It had been thirty years since I’d seen my oldest cousin Steve and I’d never met his lovely wife Linda. She’s a wonderful addition to the family and I am only sorry that they live so far away in Tucson and that we are not free to travel as most of our family is. Most of us are old enough to be retired while my husband and I continue to work “as long as they keep paying me.”

Ours was the generation that had home movies and we enjoyed looking at ourselves as babies on my father’s and my uncle’s movies while eating my grandmother’s pineapple cookies. Uncle Dick was the family historian having put a lot of actual leg work (pre Internet) into tracking down records and graves from Pennsylvania to Missouri and in books even back to England although none of us have gone there. That’s one of my dreams along with visiting Jamestown where our very first ancestors stepped ashore in the New World on the resupply ship for that tiny colony. His daughter Janice has stepped into the breach left by her father’s passing. She has all of his computer records and keeps track of all of us. She also brought pictures her father had identified for her before his passing four years ago.

My cousin Rick helped me straighten out in my mind the whole first cousin, second cousin, first-cousin-once removed thing. It has always confused me and is likely to again since I can’t remember a thing fifteen minutes. Besides solving that mystery, this lovely man, knowing that I’m not big on the beef or pork that was being barbequed for dinner, just for me cooked some of the salmon he’d caught in Alaska. He and his wonderful wife (another Sped Paraeducator) live entirely too far away in Missouri, but Dave and I discovered that it is possible to get to Branson on the train and that’s close enough for them to come get us thus fulfilling my husband’s desire for a train trip and mine to spend more time with them. They live in a house on a bluff over Table Rock Lake, situated so that when on their deck you feel as if you are in a tree house.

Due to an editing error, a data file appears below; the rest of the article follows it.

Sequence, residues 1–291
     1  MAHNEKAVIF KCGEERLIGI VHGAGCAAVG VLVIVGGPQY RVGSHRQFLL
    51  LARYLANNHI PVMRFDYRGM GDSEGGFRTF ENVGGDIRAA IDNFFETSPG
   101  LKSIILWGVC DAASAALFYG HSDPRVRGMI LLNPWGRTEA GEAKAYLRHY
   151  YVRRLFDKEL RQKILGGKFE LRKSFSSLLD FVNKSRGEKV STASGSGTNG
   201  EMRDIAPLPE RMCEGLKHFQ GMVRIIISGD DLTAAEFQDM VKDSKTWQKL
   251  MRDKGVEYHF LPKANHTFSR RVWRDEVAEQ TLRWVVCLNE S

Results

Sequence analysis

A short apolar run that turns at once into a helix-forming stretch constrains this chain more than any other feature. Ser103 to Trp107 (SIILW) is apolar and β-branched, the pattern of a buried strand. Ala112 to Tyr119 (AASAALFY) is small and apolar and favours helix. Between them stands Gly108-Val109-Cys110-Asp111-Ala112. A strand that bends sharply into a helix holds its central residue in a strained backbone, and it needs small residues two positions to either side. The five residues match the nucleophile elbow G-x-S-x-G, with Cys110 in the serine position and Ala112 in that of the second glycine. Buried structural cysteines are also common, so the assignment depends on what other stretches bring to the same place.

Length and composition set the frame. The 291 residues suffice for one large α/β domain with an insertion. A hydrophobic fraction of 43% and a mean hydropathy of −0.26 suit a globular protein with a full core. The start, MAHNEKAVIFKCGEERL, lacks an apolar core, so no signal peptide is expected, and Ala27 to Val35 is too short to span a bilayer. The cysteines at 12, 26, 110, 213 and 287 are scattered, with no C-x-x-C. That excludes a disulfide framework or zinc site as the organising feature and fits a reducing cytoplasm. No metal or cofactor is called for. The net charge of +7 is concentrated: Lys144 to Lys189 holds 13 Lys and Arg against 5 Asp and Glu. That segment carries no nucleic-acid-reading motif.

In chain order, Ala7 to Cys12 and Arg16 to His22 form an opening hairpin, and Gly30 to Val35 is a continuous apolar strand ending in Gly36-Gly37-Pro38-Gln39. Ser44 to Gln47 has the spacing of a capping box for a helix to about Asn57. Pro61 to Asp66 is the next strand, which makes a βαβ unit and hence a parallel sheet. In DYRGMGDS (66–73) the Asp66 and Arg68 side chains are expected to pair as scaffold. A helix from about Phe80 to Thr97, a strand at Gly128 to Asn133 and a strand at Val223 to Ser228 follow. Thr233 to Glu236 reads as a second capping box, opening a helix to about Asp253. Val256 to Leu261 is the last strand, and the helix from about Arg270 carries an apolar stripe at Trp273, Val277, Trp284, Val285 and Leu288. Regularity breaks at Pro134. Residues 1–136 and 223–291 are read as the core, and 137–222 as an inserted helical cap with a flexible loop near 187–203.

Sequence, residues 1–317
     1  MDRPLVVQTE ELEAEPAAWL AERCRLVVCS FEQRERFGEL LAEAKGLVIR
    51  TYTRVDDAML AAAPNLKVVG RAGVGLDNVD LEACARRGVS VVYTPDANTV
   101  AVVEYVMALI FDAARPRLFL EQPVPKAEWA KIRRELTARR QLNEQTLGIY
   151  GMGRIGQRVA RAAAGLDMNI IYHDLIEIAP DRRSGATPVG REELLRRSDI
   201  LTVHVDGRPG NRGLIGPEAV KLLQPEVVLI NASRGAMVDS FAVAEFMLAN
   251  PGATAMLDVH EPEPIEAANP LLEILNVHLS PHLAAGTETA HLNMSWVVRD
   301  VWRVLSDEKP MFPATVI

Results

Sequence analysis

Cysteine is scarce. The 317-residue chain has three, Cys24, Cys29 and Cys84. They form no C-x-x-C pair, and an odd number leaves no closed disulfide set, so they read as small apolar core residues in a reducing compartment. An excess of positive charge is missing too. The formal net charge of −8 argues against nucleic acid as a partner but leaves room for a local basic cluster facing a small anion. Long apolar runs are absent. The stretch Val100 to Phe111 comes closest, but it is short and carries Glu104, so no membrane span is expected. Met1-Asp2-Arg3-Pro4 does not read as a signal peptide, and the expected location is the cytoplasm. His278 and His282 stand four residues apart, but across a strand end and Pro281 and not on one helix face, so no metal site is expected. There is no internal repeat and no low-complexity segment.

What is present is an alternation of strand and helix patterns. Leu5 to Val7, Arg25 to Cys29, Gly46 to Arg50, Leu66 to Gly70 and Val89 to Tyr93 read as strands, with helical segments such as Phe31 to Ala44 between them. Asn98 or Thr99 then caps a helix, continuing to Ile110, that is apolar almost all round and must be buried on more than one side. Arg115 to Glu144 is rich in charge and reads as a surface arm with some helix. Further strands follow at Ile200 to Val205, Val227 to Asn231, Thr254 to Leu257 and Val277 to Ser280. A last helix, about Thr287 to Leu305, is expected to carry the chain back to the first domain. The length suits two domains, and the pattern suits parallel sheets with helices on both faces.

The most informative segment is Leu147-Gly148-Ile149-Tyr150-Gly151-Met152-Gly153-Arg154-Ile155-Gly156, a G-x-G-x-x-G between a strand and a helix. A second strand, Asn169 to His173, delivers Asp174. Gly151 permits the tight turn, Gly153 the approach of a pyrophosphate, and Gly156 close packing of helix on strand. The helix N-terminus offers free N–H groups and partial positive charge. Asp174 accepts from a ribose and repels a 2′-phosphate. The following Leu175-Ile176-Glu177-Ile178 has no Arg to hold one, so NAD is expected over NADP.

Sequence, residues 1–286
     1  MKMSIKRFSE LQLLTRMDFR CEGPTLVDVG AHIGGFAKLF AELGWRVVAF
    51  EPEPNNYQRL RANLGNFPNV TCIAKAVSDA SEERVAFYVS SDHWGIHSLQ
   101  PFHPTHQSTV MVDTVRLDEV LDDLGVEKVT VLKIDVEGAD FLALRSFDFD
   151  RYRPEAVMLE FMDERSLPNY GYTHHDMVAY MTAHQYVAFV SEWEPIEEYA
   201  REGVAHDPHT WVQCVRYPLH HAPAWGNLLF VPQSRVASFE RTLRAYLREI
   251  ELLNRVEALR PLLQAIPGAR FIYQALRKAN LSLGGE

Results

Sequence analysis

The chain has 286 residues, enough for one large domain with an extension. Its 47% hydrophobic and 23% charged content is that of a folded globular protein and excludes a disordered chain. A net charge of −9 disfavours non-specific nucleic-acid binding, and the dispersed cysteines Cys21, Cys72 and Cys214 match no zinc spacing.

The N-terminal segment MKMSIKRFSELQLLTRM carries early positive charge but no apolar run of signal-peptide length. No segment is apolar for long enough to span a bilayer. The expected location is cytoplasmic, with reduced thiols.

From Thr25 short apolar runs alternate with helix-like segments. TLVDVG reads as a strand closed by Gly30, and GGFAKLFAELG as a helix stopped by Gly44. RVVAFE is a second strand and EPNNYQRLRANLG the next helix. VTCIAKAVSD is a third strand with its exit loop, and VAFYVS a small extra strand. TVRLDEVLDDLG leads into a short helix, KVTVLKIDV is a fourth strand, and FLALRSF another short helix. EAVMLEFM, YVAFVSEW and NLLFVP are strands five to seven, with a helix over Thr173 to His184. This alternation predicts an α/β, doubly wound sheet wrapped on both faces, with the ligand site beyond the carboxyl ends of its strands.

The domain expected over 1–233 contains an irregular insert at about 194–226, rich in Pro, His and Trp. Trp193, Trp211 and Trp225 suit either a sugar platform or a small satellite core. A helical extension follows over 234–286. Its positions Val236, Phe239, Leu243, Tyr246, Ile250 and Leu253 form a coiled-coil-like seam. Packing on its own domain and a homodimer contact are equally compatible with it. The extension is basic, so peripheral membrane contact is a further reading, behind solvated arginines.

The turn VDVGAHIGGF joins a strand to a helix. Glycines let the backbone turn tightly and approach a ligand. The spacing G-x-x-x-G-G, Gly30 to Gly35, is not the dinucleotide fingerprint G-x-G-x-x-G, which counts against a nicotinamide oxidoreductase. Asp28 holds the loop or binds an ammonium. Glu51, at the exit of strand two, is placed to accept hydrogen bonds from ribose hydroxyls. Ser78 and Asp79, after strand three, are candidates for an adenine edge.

Janice, the only other girl in the pack of us and Rick’s sister, was as dear as a sister while we were growing up. Then her parents took her off to Missouri at the end of our junior year and we’ve been playing catch-up ever since. She’s in Idaho now which really ought not and should not be a problem. Now she has a married son in Vancouver, Washington so I hope our state will again claim more of her attention.

Mark, together with his older brother Steve, were always fun when we were altogether at our grandparents. Having no sisters they were unaware that tormenting was the order of the day. They were amiable companions and a distraction to Janice’s brother who delighted in nettling us. Both of them contain their father’s gentle heart and he was a favorite of mine.